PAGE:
[Update: a recent blog from Exxon says that the oil spilled was not tar sands oil, but conventional crude, and is therefore subject to the Oil Spill Liability Trust Fund fee. The fee still does not apply to tar sands oil.]
A broken Exxon pipeline spilled more than 12,000 barrels of Canadian tar sands oil and water en route to the Gulf Coast on Friday, March 29. The spill ran through the neighborhoods of Mayflower, Arkansas, just north of Little Rock, and into nearby wetlands and rivers.
We know pipelines break.
So what I'm most upset about is not that the pipeline broke, it's that Exxon doesn't have to pay the federal clean up fee.
That's right, after spilling thousands of gallons of tar sands oil into communities and ecosystems, coating wildlife and forcing 22 families to evacuate their homes, Exxon doesn't have to pay a dime.
I swear I saw an oil spill!
But what about the federal Oil Spill Liability Trust Fund created, seemingly, exactly for this purpose? Well, that doesn't apply here.
As it turns out, tar sands oil isn't oil, legally speaking. In a January 2011 memorandum, the IRS determined that Congress only intended to tax conventional crude, exempting tar sands oil. Considering tar sands oil anything other than oil is so crazy even Exxon calls it oil. Well, when it's not spilling into people's backyards and costing them 8 cents a barrel in clean up fees.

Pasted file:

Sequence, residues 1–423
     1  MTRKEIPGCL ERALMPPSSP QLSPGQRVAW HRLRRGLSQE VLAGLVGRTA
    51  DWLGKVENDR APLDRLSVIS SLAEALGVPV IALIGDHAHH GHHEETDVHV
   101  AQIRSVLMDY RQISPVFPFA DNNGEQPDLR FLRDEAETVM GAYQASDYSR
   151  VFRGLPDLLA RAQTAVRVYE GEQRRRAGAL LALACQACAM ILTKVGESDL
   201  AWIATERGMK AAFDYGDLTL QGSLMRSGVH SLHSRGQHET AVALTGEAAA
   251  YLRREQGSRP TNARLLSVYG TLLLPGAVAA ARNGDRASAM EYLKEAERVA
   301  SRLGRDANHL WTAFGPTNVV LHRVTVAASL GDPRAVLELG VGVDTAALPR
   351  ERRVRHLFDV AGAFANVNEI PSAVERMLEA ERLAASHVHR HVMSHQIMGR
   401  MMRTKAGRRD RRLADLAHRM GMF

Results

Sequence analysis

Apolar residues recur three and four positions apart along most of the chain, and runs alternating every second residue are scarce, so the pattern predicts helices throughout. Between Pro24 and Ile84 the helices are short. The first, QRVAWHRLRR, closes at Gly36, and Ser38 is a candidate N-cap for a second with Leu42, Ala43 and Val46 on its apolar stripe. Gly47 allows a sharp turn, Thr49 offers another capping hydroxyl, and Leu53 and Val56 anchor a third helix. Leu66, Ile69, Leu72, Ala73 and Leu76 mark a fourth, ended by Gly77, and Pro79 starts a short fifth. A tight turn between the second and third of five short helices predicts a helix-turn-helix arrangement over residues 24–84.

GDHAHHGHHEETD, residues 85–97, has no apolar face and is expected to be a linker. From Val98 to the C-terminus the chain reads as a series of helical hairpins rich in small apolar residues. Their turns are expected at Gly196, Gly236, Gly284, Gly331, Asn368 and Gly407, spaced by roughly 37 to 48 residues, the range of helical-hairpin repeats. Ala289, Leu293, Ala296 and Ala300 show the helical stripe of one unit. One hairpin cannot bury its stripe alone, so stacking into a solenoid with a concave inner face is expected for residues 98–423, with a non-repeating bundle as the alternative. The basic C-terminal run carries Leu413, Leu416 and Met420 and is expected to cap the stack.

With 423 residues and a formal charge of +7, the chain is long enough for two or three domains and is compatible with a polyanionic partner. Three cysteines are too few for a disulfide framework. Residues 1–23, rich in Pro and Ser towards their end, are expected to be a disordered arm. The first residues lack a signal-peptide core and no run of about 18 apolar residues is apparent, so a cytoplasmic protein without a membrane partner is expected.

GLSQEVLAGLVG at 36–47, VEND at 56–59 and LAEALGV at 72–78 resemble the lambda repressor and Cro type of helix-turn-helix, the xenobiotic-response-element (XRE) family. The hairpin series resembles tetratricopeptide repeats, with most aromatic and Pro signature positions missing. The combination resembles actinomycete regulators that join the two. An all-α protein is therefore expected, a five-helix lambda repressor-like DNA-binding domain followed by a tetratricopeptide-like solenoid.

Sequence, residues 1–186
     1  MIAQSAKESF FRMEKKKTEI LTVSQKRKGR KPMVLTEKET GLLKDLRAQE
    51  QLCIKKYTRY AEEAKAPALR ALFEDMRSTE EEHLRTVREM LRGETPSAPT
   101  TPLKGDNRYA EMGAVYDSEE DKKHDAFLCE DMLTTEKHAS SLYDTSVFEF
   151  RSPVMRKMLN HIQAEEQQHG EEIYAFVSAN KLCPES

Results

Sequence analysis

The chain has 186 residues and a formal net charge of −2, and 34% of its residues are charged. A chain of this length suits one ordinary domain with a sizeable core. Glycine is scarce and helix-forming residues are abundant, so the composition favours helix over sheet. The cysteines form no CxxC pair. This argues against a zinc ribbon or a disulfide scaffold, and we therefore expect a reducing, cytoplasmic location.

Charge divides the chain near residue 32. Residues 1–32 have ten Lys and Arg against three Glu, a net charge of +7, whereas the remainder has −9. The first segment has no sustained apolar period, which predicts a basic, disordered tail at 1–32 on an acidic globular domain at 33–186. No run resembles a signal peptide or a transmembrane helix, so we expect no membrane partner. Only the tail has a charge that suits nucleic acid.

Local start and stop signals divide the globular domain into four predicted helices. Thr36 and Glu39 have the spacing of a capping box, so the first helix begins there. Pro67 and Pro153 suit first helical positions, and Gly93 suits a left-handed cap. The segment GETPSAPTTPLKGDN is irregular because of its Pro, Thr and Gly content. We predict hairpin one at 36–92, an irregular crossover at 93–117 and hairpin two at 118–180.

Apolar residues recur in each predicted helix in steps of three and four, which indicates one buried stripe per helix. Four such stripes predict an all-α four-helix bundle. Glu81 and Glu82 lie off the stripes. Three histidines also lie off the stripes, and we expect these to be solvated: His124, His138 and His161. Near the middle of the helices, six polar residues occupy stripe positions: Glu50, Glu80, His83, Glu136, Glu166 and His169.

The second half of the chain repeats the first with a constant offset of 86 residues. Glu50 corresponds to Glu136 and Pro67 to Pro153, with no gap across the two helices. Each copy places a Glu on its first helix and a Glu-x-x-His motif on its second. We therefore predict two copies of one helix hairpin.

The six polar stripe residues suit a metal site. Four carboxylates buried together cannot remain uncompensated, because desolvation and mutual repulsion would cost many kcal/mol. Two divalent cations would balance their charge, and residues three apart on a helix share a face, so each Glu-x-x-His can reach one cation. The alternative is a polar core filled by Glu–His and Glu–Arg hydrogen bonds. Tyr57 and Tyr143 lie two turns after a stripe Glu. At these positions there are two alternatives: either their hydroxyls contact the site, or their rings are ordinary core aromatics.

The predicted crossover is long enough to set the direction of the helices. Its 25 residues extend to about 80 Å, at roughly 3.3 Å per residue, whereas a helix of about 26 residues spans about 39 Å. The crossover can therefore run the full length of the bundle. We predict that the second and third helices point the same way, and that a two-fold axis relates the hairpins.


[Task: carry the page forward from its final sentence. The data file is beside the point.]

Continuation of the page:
Which reminds me, the Keystone XL pipeline will carry the same stuff and be exempt from the same law. In case you wanted one more reason to oppose it.
How did this happen?
Originally built in the 1940s, the Pegasus pipeline carried crude from Texas to Illinois, but the flow was reversed in 2006 to carry Canadian tar sands to Texas. The flow was also upped from 65,000 barrels to 95,000 barrels a day just a few years ago.
But aren't there regular inspections?
I've been told repeatedly that Exxon was up-to-date on their inspections and their inspections showed no cause for concern, but we have a pipeline that's 65 years old that ruptured in someone's yard, so either the inspections were not adequate or there was something that was completely beyond the ability to identify with an inspection, which I find very unlikely.
And he's opened an investigation into the spill.
Exxon owns the sky
Likely story. The no fly zone allows them to control access, specifically media access, to the spill, limiting public knowledge of the extent of the damage.
Which brings me to my one sentence summary/conclusion: Exxon spilled thousands of gallons of dirty tar sands oil into neighborhoods and ecosystems, doesn't have to pay a dime and is hiding the evidence under a self-regulated no fly zone.